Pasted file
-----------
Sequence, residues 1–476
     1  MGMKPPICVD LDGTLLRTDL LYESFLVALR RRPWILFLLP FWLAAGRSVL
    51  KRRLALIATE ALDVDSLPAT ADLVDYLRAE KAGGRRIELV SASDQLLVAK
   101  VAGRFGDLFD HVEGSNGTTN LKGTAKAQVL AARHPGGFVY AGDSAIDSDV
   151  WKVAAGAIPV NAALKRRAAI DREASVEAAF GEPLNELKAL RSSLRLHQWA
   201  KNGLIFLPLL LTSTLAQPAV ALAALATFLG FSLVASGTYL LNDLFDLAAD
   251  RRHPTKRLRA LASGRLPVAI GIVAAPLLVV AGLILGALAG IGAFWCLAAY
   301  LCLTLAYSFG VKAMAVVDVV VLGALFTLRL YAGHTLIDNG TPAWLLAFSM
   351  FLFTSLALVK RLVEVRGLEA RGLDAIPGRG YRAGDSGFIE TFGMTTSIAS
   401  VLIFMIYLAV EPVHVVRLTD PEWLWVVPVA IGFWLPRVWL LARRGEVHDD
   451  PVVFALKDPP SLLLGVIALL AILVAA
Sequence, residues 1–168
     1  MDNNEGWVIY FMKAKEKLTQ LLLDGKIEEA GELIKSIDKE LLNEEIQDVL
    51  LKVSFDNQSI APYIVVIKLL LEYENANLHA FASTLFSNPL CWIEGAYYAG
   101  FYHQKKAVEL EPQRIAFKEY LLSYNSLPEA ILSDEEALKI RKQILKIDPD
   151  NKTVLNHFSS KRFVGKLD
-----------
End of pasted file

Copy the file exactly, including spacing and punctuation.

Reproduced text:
Sequence, residues 1–476
     1  MGMKPPICVD LDGTLLRTDL LYESFLVALR RRPWILFLLP FWLAAGRSVL
    51  KRRLALIATE ALDVDSLPAT ADLVDYLRAE KAGGRRIELV SASDQLLVAK
   101  VAGRFGDLFD HVEGSNGTTN LKGTAKAQVL AARHPGGFVY AGDSAIDSDV
   151  WKVAAGAIPV NAALKRRAAI DREASVEAAF GEPLNELKAL RSSLRLHQWA
   201  KNGLIFLPLL LTSTLAQPAV ALAALATFLG FSLVASGTYL LNDLFDLAAD
   251  RRHPTKRLRA LASGRLPVAI GIVAAPLLVV AGLILGALAG IGAFWCLAAY
   301  LCLTLAYSFG VKAMAVVDVV VLGALFTLRL YAGHTLIDNG TPAWLLAFSM
   351  FLFTSLALVK RLVEVRGLEA RGLDAIPGRG YRAGDSGFIE TFGMTTSIAS
   401  VLIFMIYLAV EPVHVVRLTD PEWLWVVPVA IGFWLPRVWL LARRGEVHDD
   451  PVVFALKDPP SLLLGVIALL AILVAA
Sequence, residues 1–168
     1  MDNNEGWVIY FMKAKEKLTQ LLLDGKIEEA GELIKSIDKE LLNEEIQDVL
    51  LKVSFDNQSI APYIVVIKLL LEYENANLHA FASTLFSNPL CWIEGAYYAG
   101  FYHQKKAVEL EPQRIAFKEY LLSYNSLPEA ILSDEEALKI RKQILKIDPD
   151  NKTVLNHFSS KRFVGKLD